Finally, and going off of that last sentence, on page 136, he talks about new sports games where the gamer has control of the players, the team, the recruits, the organization. And then he goes on to say how a child will understand that benching your prima donna third baseman or cutting his pay will result in a drop in his performance on the field. Now, In the real world, this would most likely be true as well. So, my finally big query is how this new level of gaming will effect us. How it, I think, is taking human nature and emotions out of the mental process, and is systematizing the process. I have to wonder if a child who grew up playing MLB 0whatever' would have reacted to the world series when the Dodgers played the Oakland A's. In video game land, you don't play Kurt Gibson, he's injured, the game might not even give him to you as an option. But, in real life.. homerun....

anyways,... Imma finish part II tomorrow.

Best wishes,

Kelsey said...

I have not read Ian's comments yet because I am only on page 50 or so. At this point I feel like I could already put the book down and understand his reasoning behind video games making us smarter - or, in otherwords, they make us use our brains differently to problem solve than we have in the past. I don't know how much more of video games I can read...but I will try! It is very interesting so far - I just hope he expands into more than the benefits of rewards and new ways to problem solve from playing videogames.

igaff said...

Ok, so part II. I did not enjoy part II as much as part I. But! Some great commentary on the future of American potential for education. In his consideration of IQ scores I couldn't help but think about my own SAT experience, namely how much I despised them. I thought of the SATs as being a way to gage a students ability to comprehend literature and do math. My hatred for the tests led me to getting into an argument during my PSATs because there wasn't enough real world problem solving material, and then to purposefully not using a calculator during the real thing. I figured if it was math I couldn't do in my head then I wouldn't need to do it and therefore I would be giving myself a more accurate evaluation of my ability (according to the SAT). Anyways, I think they are outdated and demand revision considering all of Johnson's arguments about intellectual probing. The "learn as you go" theory does not align with modern education.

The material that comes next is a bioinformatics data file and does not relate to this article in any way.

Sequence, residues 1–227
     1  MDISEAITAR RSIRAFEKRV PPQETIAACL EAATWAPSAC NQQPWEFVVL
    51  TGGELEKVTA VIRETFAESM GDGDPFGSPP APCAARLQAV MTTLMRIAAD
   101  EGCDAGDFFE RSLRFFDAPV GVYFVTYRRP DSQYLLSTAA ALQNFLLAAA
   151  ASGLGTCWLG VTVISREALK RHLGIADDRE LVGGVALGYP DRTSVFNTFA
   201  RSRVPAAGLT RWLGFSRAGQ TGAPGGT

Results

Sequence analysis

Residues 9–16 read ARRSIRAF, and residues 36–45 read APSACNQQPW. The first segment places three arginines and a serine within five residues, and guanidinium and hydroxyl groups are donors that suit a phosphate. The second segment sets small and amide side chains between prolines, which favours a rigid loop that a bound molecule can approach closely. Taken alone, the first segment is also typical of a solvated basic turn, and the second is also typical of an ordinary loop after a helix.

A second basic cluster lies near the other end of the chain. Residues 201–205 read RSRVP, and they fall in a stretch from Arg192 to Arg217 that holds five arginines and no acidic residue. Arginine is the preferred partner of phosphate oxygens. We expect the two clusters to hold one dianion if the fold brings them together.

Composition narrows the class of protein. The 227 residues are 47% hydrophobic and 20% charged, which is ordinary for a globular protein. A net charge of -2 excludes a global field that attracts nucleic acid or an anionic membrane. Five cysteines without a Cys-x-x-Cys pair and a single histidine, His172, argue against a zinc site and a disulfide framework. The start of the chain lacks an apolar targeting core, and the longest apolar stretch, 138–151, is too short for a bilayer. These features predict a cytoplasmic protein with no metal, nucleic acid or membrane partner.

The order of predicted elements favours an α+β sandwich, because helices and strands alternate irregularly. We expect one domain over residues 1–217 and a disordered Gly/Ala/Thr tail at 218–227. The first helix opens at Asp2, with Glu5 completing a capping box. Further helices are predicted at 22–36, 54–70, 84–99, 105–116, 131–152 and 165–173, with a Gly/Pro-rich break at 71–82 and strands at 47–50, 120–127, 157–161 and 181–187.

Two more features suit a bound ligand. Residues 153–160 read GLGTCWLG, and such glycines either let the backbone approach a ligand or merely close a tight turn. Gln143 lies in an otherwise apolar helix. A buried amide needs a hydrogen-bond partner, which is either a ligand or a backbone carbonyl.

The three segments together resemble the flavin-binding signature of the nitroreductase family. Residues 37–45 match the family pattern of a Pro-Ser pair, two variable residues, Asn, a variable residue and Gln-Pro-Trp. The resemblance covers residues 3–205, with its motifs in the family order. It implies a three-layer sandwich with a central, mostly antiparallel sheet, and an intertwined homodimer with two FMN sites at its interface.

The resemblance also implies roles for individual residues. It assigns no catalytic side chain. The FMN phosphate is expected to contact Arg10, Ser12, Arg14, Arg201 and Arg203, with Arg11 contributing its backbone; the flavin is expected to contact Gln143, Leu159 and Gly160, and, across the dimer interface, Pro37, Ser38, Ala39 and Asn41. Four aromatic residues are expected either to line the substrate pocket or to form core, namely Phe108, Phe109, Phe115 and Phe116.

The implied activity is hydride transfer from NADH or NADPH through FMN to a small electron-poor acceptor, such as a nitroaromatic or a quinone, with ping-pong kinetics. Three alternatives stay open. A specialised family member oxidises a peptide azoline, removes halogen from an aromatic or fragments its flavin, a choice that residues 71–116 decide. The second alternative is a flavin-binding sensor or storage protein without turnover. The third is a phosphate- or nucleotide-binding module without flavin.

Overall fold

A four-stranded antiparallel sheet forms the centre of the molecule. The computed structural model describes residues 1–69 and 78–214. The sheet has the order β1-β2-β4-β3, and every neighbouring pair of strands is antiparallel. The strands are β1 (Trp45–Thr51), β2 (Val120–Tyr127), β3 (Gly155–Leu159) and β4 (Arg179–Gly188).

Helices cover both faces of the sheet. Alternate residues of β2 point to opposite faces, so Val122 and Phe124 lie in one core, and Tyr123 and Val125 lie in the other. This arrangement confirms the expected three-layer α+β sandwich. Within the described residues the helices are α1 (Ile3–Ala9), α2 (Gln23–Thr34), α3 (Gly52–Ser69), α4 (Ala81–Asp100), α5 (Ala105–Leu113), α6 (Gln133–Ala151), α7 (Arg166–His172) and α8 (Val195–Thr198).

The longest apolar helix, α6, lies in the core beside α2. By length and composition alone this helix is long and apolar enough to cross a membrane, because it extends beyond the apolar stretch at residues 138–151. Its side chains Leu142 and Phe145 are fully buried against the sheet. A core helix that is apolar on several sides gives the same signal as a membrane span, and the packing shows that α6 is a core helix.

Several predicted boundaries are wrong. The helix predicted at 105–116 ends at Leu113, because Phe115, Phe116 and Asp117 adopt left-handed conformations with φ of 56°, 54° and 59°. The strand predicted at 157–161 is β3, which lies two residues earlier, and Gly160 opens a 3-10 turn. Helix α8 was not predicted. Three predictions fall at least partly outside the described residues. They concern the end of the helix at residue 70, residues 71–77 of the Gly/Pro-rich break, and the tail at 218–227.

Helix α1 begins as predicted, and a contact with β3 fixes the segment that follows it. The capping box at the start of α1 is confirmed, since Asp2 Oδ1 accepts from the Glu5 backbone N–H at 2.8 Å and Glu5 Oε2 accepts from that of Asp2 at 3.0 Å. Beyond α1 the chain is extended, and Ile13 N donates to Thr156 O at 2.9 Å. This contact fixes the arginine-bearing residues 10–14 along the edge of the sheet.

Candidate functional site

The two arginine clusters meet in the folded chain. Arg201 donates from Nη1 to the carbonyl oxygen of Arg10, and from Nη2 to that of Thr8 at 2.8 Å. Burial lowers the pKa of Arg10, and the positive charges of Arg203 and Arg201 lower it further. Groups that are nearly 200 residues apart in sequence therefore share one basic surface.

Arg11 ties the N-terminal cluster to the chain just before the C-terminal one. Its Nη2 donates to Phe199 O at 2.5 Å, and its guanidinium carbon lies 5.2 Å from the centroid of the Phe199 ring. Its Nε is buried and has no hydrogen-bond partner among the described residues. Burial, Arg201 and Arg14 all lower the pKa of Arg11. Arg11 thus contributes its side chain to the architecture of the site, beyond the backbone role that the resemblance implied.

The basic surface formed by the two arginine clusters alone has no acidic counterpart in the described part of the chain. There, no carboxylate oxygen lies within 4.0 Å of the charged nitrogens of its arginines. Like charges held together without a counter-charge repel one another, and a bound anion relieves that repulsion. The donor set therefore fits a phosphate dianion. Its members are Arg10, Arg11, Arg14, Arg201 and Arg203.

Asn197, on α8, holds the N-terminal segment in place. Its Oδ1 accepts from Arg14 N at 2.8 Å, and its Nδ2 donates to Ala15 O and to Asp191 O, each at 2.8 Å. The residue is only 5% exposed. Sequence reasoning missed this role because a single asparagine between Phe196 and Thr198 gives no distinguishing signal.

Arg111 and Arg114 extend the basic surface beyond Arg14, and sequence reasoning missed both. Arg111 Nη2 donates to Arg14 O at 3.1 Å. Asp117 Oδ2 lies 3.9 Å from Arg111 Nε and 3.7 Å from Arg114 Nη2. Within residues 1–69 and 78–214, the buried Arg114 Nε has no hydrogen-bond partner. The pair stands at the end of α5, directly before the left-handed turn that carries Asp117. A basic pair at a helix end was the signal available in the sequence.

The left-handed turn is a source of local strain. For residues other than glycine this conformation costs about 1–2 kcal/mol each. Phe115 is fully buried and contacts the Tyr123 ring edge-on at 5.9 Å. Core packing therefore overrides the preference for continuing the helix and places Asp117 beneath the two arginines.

On page 175, he says "technology amplifies the sleeper curve in one final respect: it introduces new platforms and genres at an accelerating rate." I loved this concept. Video games today are a hybrid of cinematic storylines and the role player adventure (zelda, mario). The depth of the story, and the player's personal interaction with the game gives way to an advanced level of critical thought within the fantasized medium. The accelerated intelligence in younger people comes from challenging themselves on such platforms at an increasingly younger age. I played my first zelda game when I was 10, my cousin beat his first game on the nintendo gameboy system when he was 5. Johnson says it better on page 178; "But as the new technologies started to roll out in shorter and shorter cycles, we grew more comfortable with the process of probing a new form of media, learning its idiosyncrasies and its distortions, its symbolic architcture and its rules of engagement. THE MIND ADAPTS TO ADAPTATION."

Basically, now I am more intrigued about the human ability to assimilate knowledge in fragments, moving from topic to topic, but still gaining a full conceptual idea of each topic as a whole in comparison to that of my parents. But, then in opposition of that point; is it harder for me to say, for example, sit through a 2 hour lecture that has a central topic and does not stray from that theme? Plus, I think it would have made school much more interesting if math was sprinkled into journalism; or poetry was intertwined with the periodic table.

all and all, this was a good book and I enjoyed thinking that my thinking differently is/was not a bad thing. This type of book makes me optimistic for the future of education.

curiosity said...

in response to ian; perhaps the good thing about a university is the ability to study many different things at a time. follow interests. maybe not enough people do that when they get out of the university and start working. maybe it is possible to think in lateral terms despite the conditioning we suffer through in much of our educations. one human voice at a time. and maybe technology can help.